Unfortunately, I mean it when I say that I am a very literal person. My Spotify playlists reflect this: I have one called “Good,” which includes all the songs that I think are … good. I have another called “Disco,” which — you guessed it — is just disco. My most complex playlist is “Running,” which is a short list of songs with titles like “Run” and “Run the World.” (I branched out with “Move Your Body.”)
Listening to music helps me escape, but my playlists out me as someone who has a hard time ever fully letting go. Now, in the midst of a global pandemic, control is hard, if not impossible, to come by. I feel a huge range of emotions within any given hour, many of which I cannot identify or rationalize. As a result, my playlists — and the extremely specific ones that Spotify has concocted with the help of an algorithm — aren’t doing it for me.
For some much needed assistance, I called up Venus X, a popular New York DJ known for co-founding and hosting GHE20GOTH1K parties. She’s been DJ-ing remotely Sunday nights on Instagram Live, with encouragement from Virgil Abloh. She’s also published her first public playlist on Spotify, titled “Transmissions from Planet X,” which she’s been adding to after each set.
Of course, it’s not business as usual for Venus. She’s not trying to get a party going. “I’m trying to find a groove that allows me to experience the range of emotions that I’m experiencing with the best soundtrack,” she said. “Now, you really have to organize music for your own mental sanity and survival.”
Below, Venus X shares her tips for how to make playlist from wherever you are right now. “It’s like scoring your own movie,” she says.
1. Clear your schedule.
“If you want to make a good playlist, you’ve got to spend a couple of hours creating it. But it’s worth it, because it will last you forever.”
2. Dump everything you want to use in one place.
“Put everything into one initial playlist that’s like your draft. It’s like pulling out all the things you want to wear from your closet, and then trying them on.”
3. Be wide-ranging with your selection.
“Pull different languages, different genres, and different moods. You’d be surprised what music can sound like when it’s reorganized in context. Experimentation is crucial.”
4. Remember, this is not a Spotify playlist.
“Avoid being literal at all costs, because you’re going to spin in one direction and it’s going to make you sort of sick, in a way. I wish that I could experience happiness all day long, or sadness all day long, or listen to classical music all day long, but it just doesn’t work like that. Spotify playlists are about specificity in a way that life is not.”
5. In a new draft, pick an anchor point, or an emotion to begin with.
“It’s different for everyone. If you’re moody, start out with something angry. If you’re scared, then start off with something ambient, or something more coaxing, or something more spellbound. It’s important to calibrate people into the playlist.”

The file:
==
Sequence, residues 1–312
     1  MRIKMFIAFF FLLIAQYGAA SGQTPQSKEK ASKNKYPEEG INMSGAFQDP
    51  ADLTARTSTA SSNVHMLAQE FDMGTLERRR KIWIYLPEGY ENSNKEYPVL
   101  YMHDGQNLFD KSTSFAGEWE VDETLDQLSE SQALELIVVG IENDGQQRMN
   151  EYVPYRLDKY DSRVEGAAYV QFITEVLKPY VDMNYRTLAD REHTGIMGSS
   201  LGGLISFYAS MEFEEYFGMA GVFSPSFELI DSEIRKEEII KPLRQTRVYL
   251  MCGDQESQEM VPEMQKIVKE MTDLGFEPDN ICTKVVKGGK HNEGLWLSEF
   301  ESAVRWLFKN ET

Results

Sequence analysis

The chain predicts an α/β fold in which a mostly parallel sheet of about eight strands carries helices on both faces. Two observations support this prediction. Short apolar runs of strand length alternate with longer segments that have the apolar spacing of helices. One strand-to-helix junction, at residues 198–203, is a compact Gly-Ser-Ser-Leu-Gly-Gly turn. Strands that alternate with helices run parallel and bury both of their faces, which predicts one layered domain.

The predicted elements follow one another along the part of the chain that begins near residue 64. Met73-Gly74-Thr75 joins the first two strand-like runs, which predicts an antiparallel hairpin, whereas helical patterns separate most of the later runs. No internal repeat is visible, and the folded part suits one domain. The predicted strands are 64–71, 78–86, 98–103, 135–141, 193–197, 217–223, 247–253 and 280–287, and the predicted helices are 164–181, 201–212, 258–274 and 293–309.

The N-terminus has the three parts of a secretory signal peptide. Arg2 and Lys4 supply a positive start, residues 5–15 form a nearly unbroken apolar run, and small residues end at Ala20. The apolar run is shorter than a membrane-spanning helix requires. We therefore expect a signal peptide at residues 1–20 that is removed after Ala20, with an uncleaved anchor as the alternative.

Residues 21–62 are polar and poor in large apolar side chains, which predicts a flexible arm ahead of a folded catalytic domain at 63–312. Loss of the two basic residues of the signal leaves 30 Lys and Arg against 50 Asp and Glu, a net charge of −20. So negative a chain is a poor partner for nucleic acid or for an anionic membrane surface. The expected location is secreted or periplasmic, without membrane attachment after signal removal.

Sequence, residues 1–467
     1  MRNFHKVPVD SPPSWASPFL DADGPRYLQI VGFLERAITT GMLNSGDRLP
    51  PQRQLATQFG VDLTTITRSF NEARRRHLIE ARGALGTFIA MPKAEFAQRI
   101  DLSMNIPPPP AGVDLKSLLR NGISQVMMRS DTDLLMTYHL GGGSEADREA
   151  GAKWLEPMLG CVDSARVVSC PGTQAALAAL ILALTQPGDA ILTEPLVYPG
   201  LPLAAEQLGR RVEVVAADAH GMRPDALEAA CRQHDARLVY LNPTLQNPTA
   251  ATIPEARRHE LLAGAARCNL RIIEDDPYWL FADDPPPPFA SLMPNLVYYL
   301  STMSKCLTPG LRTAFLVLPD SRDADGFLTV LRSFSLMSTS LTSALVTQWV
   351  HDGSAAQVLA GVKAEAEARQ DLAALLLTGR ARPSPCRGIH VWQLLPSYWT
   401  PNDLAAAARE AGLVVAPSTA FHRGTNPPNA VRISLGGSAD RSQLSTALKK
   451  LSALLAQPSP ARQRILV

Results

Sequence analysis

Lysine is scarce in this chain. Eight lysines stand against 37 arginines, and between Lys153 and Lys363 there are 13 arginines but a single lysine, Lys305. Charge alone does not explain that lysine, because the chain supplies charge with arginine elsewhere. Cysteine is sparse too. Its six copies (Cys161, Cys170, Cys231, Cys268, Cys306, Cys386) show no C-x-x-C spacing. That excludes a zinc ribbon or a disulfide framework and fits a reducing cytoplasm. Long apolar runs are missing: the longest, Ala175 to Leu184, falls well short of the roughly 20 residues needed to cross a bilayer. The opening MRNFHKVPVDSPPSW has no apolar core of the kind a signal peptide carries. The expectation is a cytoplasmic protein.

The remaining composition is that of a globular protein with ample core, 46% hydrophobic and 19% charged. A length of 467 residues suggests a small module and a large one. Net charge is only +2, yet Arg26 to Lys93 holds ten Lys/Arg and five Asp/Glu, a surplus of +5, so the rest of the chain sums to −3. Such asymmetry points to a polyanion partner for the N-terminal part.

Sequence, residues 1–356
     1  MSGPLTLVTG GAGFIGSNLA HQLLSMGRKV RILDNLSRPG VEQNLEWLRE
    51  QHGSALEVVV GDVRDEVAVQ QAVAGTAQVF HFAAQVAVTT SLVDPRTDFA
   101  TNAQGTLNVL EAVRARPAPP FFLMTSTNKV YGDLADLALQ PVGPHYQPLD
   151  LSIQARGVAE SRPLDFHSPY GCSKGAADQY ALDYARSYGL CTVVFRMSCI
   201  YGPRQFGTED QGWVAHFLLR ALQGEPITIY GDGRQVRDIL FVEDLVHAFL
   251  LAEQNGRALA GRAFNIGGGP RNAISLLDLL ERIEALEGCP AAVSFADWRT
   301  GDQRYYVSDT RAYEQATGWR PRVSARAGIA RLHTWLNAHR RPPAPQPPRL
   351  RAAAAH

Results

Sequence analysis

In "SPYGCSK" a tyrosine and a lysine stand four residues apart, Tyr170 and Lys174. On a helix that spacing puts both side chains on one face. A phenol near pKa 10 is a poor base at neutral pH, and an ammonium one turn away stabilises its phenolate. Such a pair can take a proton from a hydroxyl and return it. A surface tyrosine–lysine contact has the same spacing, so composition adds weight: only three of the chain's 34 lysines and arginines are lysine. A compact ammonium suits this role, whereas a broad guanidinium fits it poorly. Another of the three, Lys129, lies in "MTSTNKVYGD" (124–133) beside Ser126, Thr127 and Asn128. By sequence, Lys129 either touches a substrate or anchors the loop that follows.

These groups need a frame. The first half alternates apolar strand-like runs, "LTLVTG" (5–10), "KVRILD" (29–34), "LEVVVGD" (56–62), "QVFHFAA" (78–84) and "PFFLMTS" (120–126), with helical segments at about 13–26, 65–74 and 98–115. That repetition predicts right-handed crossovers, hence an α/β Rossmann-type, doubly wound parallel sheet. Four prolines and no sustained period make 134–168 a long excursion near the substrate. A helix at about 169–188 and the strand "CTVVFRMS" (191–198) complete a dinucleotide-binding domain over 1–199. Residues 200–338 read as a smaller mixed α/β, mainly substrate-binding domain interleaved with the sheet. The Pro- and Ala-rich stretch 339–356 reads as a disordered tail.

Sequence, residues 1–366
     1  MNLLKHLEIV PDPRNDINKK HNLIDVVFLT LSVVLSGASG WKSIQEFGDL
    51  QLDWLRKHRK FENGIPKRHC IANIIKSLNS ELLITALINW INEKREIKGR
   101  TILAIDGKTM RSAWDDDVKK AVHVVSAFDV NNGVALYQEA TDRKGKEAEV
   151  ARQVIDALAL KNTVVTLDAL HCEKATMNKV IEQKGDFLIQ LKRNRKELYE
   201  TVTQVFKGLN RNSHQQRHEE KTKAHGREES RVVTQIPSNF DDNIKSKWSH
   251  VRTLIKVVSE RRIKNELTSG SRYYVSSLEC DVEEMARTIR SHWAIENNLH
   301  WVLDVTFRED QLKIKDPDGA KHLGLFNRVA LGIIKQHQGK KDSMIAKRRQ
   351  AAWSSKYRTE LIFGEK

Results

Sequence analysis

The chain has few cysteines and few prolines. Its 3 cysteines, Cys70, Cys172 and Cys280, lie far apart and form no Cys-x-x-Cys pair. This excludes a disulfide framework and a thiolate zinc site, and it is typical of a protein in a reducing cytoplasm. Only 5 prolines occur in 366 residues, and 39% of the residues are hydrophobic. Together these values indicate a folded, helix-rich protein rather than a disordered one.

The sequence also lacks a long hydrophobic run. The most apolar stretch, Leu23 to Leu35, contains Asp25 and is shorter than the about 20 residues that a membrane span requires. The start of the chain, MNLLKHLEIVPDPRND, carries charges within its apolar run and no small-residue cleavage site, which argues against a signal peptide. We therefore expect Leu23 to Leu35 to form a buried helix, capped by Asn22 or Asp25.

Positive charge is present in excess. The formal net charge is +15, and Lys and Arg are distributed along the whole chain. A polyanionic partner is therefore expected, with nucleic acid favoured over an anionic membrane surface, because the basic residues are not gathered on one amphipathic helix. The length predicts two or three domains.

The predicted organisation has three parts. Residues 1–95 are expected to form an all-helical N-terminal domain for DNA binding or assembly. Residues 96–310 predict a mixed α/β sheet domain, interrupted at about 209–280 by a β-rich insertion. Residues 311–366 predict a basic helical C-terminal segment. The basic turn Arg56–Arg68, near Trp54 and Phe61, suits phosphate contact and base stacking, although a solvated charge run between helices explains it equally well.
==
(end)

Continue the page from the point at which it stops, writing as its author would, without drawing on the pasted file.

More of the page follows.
6. From there, create clusters of different moods.
“Picking the first song is super-important, but then imagine that you’re going to go through five or six different emotions in that song, and then try to coordinate those emotions with three to five other songs, each. People might say that the playlist will too all over the place, but what else are we experiencing right now besides a range of emotions? Everything changes every day.”
7. Start to work out sequencing.
“Skip to the end of each song, so that you get the last 15 to 20 seconds of it and figure out how that transition sounds. Even if you don’t know what the tempo is precisely, you can still tell the difference between an upbeat song and a slow song. What gets your heart rate going? What slows it down?”
8. How you transition is up to you.
“What works for me might not work for someone else. I don’t have instructions on how to create your personal flow; the point is you need one.”
9. Climax in the middle.
“The middle should just feel like fun. It’s like climbing a mountain, or watching a movie; it’s not going to end on the highest peak.”
10. In the end, you should have about 20 to 25 songs.
“A good playlist is about an hour and a half long.”
11. But leave room for more.
“The point of a good playlist is that it’s an anchor for something much longer. If you can create an experience out of 20 to 25 songs, and then keep adding 10 songs and arrange the flow of those 10 songs, you’re going to get better and better at it. By the end, you may have thousands of songs in one playlist. I’m going to be adding 10 to 20 songs to my playlist after my set each week, and hopefully by the end, I’ll have this classic playlist.”
12. Play it back.
In the meantime, you can listen to Venus X’s “Planet X” playlist on Spotify and take notes. She’ll also be playing every Sunday on Instagram Live starting at 7 p.m. ET, and taking over the Cut’s Instagram on Sunday, April 25, from 7–8 p.m. ET.